KNOXVILLE (WATE) - You know the story of Anna Martin, the Knoxville 10-year-old who beat leukemia with a bone marrow transplant 15 months ago. When she was first diagnosed, the family held a bone marrow registry drive, hoping to find her a match. More than 700 people registered that day. While none of them was a match for Anna, one teenager matched someone else in need.
All it took was a simple cheek swab at his church back in June of 2011 and 19-year-old Jared Wilson joined the national bone marrow donor registry.
"Mainly it was because of Anna," he explained. "We were hoping we would be the match for her."
He got the call last fall that he was a match, not for Anna, but for a 47-year-old man with the same type of leukemia she was diagnosed with.
"Recently my uncle got cancer and died. To think I could help someone else live and help their family spend more time with them, even if it wasn't for long, it was worth it," Jared said.
After some blood tests in Knoxville, Jared traveled to Vanderbilt hospital in Nashville for five days of out-patient injections and then the four-hour harvesting of his bone marrow.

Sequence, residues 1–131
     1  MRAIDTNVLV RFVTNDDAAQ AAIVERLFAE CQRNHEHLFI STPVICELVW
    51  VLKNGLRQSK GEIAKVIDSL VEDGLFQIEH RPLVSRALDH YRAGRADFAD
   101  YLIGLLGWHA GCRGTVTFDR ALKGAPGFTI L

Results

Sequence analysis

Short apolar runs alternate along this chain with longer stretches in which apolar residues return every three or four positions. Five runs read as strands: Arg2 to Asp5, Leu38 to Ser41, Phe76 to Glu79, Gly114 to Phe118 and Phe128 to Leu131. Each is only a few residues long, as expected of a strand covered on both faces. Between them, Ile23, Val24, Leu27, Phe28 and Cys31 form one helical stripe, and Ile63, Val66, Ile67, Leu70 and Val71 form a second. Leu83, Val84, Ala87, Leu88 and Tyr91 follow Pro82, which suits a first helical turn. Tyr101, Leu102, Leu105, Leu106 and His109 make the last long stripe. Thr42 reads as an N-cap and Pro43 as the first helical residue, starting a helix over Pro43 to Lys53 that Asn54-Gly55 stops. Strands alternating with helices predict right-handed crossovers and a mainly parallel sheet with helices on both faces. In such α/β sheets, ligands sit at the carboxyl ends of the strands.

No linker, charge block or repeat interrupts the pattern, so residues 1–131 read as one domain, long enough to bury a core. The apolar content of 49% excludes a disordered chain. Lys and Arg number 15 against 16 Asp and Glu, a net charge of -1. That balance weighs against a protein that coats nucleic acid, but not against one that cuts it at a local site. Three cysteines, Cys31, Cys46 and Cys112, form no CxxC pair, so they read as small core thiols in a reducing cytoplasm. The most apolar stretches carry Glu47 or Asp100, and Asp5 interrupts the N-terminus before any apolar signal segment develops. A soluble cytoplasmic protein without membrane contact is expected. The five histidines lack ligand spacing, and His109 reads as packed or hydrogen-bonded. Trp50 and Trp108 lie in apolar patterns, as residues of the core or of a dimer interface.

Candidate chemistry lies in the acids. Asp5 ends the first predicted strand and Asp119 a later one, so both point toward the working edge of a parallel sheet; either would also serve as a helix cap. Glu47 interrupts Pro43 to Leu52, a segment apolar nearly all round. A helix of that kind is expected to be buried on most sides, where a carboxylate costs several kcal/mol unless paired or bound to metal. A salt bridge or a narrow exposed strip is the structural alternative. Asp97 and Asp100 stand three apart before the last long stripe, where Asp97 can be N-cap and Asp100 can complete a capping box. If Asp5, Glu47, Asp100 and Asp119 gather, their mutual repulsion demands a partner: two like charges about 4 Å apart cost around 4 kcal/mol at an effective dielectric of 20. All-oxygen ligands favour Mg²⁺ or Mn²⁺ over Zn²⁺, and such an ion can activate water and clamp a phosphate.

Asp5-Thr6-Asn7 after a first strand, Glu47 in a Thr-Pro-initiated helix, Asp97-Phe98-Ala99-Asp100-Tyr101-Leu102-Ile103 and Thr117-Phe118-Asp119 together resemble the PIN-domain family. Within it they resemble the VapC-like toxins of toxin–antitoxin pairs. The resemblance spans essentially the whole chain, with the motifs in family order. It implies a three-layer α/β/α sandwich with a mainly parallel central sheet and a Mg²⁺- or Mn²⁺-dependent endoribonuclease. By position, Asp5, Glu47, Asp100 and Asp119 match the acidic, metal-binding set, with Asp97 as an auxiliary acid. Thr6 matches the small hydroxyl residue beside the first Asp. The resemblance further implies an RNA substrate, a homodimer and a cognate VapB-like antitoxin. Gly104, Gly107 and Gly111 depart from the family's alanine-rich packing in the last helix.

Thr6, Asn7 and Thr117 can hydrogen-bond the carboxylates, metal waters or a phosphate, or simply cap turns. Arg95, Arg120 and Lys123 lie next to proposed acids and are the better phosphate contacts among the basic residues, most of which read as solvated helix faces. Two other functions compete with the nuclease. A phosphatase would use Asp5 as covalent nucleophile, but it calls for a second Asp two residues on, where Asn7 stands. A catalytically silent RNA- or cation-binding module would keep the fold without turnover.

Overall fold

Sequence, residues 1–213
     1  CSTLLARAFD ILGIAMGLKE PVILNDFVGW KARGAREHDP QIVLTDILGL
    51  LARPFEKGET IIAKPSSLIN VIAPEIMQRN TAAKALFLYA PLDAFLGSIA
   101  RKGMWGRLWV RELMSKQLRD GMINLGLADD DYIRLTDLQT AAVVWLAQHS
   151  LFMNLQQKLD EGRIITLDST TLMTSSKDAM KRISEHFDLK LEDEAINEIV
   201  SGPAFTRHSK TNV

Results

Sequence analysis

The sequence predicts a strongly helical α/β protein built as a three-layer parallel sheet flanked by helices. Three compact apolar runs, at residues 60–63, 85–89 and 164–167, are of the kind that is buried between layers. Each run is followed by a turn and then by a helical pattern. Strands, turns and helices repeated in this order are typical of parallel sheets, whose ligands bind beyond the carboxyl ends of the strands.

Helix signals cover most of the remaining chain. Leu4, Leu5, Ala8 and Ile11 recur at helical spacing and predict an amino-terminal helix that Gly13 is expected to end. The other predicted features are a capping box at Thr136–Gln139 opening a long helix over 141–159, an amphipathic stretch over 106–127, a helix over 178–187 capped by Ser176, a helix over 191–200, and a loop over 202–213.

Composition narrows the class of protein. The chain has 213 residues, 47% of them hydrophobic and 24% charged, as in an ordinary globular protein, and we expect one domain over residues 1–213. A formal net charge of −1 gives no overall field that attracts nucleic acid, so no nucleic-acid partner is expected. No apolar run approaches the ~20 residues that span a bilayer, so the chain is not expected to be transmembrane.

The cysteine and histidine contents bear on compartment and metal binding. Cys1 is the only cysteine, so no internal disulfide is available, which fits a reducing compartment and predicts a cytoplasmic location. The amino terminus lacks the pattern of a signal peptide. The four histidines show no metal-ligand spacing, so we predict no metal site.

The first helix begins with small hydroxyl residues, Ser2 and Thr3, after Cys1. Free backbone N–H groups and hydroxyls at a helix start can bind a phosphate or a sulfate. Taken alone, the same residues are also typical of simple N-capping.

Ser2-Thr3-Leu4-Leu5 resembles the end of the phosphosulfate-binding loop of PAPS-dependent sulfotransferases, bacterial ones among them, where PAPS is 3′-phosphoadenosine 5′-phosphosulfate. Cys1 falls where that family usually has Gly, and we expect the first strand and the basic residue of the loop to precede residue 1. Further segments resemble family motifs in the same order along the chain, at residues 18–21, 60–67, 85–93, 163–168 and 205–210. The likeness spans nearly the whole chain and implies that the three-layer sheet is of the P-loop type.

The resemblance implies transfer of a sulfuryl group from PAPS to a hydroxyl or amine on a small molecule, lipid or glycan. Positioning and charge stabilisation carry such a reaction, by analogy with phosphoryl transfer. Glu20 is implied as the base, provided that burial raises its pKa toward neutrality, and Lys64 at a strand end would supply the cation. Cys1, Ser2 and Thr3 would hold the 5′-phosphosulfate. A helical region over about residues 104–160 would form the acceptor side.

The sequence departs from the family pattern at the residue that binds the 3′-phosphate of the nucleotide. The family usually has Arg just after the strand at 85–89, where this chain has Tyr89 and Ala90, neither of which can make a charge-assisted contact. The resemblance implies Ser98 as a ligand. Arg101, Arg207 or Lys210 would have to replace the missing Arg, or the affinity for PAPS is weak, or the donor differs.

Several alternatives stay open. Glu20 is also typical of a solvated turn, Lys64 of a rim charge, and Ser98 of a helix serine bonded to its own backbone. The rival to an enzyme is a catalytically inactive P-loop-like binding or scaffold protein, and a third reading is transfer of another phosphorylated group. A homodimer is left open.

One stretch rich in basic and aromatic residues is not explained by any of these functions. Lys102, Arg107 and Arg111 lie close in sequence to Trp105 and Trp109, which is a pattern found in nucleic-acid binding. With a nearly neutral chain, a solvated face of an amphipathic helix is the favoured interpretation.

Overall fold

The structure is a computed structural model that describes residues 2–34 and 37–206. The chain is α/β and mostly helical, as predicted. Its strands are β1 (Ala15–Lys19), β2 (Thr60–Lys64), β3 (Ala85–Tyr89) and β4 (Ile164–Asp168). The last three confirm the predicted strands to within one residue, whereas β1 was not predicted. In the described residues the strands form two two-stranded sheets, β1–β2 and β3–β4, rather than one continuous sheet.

"They take a needle into one arm to take the blood out and then they run it through a machine that takes out the blood stem cells and then they put the blood back in your other arm," Jared said. "My arms hurt a little bit and the stuff they gave me for it kind of made me nauseous, but other than that it wasn't too bad."
He went back to Knoxville the same day with no other problems.
"It was definitely worth it," he said.
Anna meanwhile, who found her match in a 31-year-old stranger, is doing great, 15 months after her transplant.
"I feel better, but not to my old self," she said.
After missing more than a year of school, she's back on track in the 6th grade.
"I love it," she said. "I like just getting to see my friends."
"There's some post-transplant pain, just aches and pains and fatigue and lack of energy, but overall she's done better than anyone ever expected," said Anna's mom Kristen.
And it's all thanks to someone like Jared who decided to save a stranger's life.
"Just to know that after our journey, as tough as it was, that good things can come from it and to know we can potentially help another person recover and be able to live, it's the gift of life. Look at her, there's not a better gift someone can give," Kristen said.
There is another way to donate bone marrow, through a needle into the hipbone, which is done under anesthesia and can also be an out-patient procedure. Medical and travel costs are usually paid by the recipient's insurance and the National Marrow Donor Program.